A Food and Drug Administration advisory panel voted 15 to nine to continue to allow cough medicines containing dextromethorphan (DXM) to be sold over the counter despite recreational use that sends thousands of people to emergency rooms every year.
Approved by the FDA in 1958, DXM is found in more than 120 over-the-counter cough medicines like Robitussin, Coricidin, Dimetapp and generics. Taken at recommended doses, DXM can occasionally cause a mild high. But abusers consume it in doses 10 to 20 times higher for euphoriant and hallucinogenic effects, referred to as “robo-tripping” or “tussing.”
The DEA, which requested the FDA’s review, is concerned with increasing abuse, especially among adolescents. According to the Partnership for a Drug-Free America’s Attitude Tracking Study, one in ten teens admit to having abused OTC cough medicines, says Partnership CEO Steve Pasierb, M.Ed., who testified at the FDA hearing this past September.
Partnership research shows that two types of teens abuse DXM. One type is experimenting, only to discover DXM is a “lousy high.” The other type is drug-experienced and DXM adds variety.
“New users are going for a dreamy LSD high but end up being puking zombies,” Pasierb says. “Poly-abusers say it’s still on my list, but at the bottom.”
The Partnership and the Consumer Healthcare Products Association advocate legislation that would age-restrict sales of DXM products. Currently, sales are controlled on a store-by-store basis.
“It can’t be available to anyone under 18,” Pasierb says. “It’s easy do to with barcodes and computerized cash registers that lock the purchase until the buyer shows an ID.”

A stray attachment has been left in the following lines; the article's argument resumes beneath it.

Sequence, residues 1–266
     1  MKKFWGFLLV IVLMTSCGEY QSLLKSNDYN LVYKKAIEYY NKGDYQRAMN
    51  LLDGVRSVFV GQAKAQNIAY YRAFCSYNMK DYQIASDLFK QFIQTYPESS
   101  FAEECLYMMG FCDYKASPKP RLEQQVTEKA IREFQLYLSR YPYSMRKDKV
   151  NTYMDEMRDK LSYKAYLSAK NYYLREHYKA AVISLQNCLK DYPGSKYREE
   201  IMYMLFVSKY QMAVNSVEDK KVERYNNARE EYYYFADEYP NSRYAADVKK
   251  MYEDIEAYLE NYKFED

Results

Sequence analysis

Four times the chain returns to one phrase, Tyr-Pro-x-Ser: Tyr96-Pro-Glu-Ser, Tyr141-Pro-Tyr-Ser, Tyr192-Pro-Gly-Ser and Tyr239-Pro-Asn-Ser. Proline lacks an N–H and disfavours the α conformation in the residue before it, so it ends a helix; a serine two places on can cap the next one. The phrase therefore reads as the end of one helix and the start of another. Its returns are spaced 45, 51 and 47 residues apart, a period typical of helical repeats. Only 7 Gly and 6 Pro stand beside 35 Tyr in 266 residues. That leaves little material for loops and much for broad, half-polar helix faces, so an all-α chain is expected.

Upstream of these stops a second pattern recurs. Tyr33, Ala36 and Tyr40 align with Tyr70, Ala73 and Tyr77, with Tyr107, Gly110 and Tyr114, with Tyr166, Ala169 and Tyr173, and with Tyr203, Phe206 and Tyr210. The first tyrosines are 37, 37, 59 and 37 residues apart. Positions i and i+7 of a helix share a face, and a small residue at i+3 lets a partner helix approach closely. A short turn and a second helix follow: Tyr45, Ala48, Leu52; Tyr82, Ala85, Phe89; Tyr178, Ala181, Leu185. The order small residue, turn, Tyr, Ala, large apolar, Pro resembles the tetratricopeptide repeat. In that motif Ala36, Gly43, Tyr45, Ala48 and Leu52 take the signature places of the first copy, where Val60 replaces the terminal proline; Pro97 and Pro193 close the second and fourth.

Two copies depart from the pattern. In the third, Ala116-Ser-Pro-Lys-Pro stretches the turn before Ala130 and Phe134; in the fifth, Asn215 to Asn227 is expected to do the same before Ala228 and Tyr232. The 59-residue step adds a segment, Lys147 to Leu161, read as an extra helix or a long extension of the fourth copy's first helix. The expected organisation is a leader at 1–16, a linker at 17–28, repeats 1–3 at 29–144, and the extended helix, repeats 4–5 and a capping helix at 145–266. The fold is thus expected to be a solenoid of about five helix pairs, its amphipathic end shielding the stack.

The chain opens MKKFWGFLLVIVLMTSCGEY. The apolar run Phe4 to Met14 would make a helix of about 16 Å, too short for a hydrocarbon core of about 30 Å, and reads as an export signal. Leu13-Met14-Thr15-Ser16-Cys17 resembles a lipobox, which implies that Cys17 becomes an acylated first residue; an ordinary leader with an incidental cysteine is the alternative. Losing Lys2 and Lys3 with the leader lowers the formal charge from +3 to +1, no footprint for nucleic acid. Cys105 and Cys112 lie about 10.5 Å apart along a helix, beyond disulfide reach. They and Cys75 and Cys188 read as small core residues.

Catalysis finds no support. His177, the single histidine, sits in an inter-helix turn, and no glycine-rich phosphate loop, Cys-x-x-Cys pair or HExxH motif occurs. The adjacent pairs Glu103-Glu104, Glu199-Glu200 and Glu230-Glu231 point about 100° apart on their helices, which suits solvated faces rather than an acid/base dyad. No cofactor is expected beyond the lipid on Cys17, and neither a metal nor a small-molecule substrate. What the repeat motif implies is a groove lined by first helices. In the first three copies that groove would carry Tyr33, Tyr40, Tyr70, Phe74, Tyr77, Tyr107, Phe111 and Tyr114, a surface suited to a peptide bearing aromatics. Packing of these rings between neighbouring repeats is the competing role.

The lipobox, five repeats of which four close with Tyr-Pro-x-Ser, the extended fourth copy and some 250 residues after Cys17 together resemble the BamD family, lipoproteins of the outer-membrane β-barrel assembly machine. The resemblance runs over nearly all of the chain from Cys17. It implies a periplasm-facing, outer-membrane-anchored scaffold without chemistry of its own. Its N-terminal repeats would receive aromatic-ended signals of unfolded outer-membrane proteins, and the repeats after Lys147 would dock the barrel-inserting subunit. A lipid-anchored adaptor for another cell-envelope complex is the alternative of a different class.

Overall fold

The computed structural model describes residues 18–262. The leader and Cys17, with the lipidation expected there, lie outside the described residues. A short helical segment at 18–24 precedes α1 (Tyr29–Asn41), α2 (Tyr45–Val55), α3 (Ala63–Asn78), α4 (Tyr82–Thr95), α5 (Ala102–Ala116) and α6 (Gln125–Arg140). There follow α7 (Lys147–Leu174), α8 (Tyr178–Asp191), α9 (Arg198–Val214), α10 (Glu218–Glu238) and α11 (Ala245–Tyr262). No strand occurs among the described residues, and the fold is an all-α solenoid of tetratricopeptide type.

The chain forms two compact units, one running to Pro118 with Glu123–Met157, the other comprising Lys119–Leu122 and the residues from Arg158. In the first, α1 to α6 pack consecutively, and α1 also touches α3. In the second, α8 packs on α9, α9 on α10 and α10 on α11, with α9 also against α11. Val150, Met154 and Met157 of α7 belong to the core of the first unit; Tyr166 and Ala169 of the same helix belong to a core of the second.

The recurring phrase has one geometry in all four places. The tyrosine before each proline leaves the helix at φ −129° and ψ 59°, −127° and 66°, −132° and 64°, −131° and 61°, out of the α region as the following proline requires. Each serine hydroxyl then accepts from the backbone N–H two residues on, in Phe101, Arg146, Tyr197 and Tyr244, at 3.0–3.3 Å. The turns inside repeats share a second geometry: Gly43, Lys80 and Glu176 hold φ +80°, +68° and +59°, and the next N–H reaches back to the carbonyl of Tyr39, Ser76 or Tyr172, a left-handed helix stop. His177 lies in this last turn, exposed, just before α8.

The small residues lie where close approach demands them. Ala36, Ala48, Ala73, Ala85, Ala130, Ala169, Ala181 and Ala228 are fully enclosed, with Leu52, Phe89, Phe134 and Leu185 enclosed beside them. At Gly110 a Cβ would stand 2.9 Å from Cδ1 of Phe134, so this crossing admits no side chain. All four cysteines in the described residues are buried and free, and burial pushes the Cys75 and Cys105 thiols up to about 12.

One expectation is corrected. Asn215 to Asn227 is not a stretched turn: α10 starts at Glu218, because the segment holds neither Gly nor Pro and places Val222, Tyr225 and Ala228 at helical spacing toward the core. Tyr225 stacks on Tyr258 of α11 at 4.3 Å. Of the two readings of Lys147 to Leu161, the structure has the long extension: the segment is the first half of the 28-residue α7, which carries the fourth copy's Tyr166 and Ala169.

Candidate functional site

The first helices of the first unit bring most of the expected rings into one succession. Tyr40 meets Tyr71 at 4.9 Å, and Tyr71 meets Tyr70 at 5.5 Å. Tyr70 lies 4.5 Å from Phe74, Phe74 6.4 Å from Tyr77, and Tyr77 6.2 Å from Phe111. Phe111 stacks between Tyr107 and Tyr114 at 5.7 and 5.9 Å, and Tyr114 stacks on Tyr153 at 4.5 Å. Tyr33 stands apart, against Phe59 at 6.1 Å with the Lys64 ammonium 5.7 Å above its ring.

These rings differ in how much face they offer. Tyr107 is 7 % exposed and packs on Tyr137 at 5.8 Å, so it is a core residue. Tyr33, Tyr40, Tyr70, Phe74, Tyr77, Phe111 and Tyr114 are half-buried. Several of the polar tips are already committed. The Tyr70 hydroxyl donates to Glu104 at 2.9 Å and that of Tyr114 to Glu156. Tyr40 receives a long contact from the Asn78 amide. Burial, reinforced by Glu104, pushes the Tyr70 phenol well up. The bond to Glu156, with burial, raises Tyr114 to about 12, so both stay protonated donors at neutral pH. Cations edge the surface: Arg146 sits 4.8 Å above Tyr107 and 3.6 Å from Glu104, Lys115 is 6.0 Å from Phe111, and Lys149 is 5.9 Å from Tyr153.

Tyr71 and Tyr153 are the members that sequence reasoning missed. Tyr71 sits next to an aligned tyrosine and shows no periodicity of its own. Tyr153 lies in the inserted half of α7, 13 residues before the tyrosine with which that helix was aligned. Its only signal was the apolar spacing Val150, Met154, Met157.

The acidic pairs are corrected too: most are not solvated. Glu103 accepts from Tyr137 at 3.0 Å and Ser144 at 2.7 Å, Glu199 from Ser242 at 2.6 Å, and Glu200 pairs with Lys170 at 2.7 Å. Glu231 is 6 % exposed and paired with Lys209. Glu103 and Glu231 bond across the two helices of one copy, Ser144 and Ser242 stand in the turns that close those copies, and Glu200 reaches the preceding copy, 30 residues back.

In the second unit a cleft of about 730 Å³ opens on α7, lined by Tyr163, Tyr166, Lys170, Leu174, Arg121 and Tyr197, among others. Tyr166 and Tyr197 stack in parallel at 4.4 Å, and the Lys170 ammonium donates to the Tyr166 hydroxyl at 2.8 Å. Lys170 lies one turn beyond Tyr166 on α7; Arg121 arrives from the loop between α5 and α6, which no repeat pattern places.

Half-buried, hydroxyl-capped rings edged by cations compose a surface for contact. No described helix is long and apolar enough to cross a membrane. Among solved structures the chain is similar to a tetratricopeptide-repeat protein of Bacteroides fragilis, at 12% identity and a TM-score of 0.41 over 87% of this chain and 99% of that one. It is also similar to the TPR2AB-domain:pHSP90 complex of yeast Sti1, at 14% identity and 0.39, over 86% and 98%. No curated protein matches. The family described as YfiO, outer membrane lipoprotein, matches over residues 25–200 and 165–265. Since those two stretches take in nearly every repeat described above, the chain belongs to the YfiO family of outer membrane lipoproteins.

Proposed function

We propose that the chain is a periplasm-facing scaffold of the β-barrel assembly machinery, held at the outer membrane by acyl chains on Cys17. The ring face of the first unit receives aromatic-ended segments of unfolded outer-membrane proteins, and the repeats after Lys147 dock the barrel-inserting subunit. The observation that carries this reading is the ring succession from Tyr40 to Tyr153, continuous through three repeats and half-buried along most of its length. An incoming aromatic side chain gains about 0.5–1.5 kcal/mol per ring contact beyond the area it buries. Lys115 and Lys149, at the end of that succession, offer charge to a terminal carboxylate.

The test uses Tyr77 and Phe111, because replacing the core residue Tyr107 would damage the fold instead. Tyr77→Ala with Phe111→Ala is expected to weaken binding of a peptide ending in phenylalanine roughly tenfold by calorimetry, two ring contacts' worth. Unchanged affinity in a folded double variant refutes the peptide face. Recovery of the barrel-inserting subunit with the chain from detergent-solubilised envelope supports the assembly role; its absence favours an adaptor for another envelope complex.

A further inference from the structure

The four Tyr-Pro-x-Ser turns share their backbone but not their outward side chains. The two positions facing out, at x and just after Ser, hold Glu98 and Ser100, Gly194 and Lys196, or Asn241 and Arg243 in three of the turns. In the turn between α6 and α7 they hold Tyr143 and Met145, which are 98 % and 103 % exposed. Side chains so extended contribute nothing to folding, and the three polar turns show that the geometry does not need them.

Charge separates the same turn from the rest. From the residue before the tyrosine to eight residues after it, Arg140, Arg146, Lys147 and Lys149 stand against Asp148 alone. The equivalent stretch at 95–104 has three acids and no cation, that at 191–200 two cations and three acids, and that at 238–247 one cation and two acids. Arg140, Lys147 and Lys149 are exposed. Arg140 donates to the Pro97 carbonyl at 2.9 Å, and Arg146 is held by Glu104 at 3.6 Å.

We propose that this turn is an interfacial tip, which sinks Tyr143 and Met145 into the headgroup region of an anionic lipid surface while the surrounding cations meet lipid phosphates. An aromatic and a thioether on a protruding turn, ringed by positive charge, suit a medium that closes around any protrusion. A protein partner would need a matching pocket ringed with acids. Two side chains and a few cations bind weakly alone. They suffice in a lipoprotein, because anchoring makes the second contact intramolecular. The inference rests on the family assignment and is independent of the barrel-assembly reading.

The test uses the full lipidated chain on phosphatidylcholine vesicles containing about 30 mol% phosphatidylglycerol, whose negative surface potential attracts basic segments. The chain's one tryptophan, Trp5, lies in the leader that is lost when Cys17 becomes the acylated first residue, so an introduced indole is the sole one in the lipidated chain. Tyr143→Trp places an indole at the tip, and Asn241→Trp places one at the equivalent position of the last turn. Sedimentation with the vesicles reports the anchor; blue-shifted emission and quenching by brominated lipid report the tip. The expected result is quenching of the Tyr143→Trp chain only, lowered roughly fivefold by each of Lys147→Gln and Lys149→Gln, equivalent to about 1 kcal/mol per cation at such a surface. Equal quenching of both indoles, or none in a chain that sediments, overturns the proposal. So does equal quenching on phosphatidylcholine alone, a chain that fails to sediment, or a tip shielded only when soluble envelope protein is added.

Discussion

Eliot Gelwan, M.D. a psychiatrist at Emerson Hospital in Concord, Mass. wishes the vote had gone differently. He says DXM is abused by adults as well as adolescents, is much less benign than people, even medical professionals, think and should be available by prescription only.
DXM has a “narrow therapeutic window,” Gelwan says and doses accepted as safe and tolerable can easily escalate to problematic.
“When you hear of a struggle in an emergency room, the first thing you think is PCP. But at very high doses, DXM has similar neurochemical effects, causing berserk out-of-control behavior,” Gelwan says.
Toxic doses of DXM cough medicine also deliver toxic doses of co-ingredients like painkillers, decongestants and expectorants, which can cause the vomiting that keeps victims from overdosing. However, there have been fatalities, Gelwan says. The physical and psychological reactions of DXM withdrawal are similar to those of alcohol withdrawal, he adds.
Both Pasierb and Gelwan say more research is needed to quantify and qualify abuse of both over-the-counter and prescription cough medicine products.
“When clinicians take a substance use history, it’s not that common to ask about OTC medications and people don’t volunteer the information,” Gelwan says. “It has to be asked about.”
By Nan Shnitzler